Winter is coming: risks and exposures when people slip and fall on your property

As the weather becomes wet and icy, business owners are faced with increased liability exposure.

People coming to and from your property are at higher risk of falling and hurting themselves because of the slippery conditions.

As a result, there’s a higher chance you may get sued during this period. To protect yourself, you must understand how this risks arises and what you can do to avoid it.

Injuries sustained from slips and falls are usually claimed under premises liability. As the name implies, these are injuries that happen on somebody else’s property or premises.

Apart from winter conditions, slips and falls can results from loose carpets, uneven flooring and dim lighting. Other hazards include cracked sidewalks and potholes. Even normally functioning stairs and escalators can pose a risk.

It can be tricky proving fault and legal responsibility in case of a slip and fall. Deciding factors include whether the property owner did their due diligence to prevent an accident and whether the injured person was reckless or careless.

Usually, the injured person is responsible for proving that a “dangerous condition” caused their accident and that the property owner was aware of said condition. Dangerous conditions include unreasonable risk that the injured person could not have anticipated.

To prove that the property owner was aware of the dangerous condition, the plaintiff must demonstrate the following:

  • That the owner created the condition
  • Knew it existed and was negligent in failing to address it
  • The condition had been around long enough that the owner should have found and fixed it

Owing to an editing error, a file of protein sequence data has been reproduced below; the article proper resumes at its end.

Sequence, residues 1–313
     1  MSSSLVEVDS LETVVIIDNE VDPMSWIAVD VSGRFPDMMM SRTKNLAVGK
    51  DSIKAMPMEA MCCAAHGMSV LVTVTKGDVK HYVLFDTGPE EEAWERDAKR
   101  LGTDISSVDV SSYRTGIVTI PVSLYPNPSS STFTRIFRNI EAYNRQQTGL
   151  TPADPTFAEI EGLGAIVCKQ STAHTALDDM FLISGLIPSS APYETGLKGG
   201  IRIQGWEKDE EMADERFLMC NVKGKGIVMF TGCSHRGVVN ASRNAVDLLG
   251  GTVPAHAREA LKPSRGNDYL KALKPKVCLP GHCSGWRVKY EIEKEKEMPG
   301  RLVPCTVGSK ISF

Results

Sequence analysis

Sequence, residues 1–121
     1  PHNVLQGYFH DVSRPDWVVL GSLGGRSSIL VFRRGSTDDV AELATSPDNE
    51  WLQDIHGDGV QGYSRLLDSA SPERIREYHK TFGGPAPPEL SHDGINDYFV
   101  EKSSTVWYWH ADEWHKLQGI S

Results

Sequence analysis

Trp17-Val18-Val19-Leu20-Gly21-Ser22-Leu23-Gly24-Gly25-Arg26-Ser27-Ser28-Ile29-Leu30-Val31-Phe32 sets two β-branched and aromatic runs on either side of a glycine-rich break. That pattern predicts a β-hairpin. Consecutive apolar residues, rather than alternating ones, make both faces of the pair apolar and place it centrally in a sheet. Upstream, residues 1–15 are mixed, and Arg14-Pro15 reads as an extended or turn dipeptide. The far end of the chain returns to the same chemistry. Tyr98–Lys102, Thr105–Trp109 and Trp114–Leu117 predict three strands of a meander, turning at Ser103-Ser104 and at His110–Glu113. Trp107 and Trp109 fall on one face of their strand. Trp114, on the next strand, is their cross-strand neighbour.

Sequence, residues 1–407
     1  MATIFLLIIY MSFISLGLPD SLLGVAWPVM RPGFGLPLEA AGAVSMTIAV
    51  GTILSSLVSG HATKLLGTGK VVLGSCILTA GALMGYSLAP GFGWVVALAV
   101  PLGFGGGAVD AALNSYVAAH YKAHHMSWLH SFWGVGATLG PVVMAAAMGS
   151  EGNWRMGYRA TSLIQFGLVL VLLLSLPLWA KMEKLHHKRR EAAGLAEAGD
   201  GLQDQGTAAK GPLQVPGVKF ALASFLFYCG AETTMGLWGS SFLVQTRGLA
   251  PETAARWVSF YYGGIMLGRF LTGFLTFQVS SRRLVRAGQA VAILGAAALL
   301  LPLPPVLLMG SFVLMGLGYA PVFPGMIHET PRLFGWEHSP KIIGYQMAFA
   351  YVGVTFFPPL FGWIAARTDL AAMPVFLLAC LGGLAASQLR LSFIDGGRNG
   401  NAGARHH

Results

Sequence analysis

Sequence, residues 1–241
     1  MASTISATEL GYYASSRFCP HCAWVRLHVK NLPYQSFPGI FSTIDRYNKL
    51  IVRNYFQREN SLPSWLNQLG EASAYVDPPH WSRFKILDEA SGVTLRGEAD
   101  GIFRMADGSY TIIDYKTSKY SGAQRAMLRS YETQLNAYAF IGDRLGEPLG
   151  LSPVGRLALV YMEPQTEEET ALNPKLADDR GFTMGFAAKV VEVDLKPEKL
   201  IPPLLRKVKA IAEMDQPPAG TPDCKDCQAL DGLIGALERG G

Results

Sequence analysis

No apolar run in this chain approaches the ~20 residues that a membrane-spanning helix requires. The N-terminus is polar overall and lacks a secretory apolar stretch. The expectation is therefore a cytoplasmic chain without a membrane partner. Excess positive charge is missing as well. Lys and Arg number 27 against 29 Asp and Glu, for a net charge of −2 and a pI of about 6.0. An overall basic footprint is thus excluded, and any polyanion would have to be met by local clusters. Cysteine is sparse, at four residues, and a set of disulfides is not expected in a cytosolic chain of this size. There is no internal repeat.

Moreover, the owner must reasonably ought to have known that their negligence would create a risk. For example, if you knock over a can of oil in your garage that makes the floors slippery, and a customer slips the next day, that person can argue that you could have foreseen such an accident occurring.

With commercial properties, there may be more than one party who can be held responsible for injuries. If you’re renting office space, both your business and the landlord may be sued if someone slips and falls on your property.

Negligence can also be proved if the injured person shows that you violated a statute or other relevant legislation. For instance, building codes often mandate handrails and other safety features in specific locations.

If someone injures themselves in a location where the absence of these features contributed to their injury, you could be held liable for violating the building code.

There is also the matter of partial fault when the injured person is responsible to some extent for their injury. You can still be held liable in this situation, but you may be requested to pay less compensation than if you were fully responsible.

And when it’s not your fault, you will not have to pay at all because some injuries are genuinely accidents and have nothing to do with the property owner.

By now, you may be feeling overwhelmed with all of this risk surrounding you. Fortunately, there are quick and easy steps you can take to greatly reduce your exposures. Here’s a few tips:

  • Any property owner worth their salt will salt their driveway, sidewalk and parking lot.
    You can also use sand to improve grip over slippery areas. Once it starts snowing, don’t wait too long to apply salt and sand.
  • Pave cracks and potholes and fix uneven concrete plates. If the problem area lies outside your property line, report the issue to your local authorities.
  • Place non-slip covers over wet floors and slippery tiles.
  • Replace and repair handrails as necessary.
  • Replace and clean lights as needed.

If someone is injured on your premises, contact your broker immediately. Better yet, give us a call today so we can work together to get rid of this risk for you before it ever becomes a problem.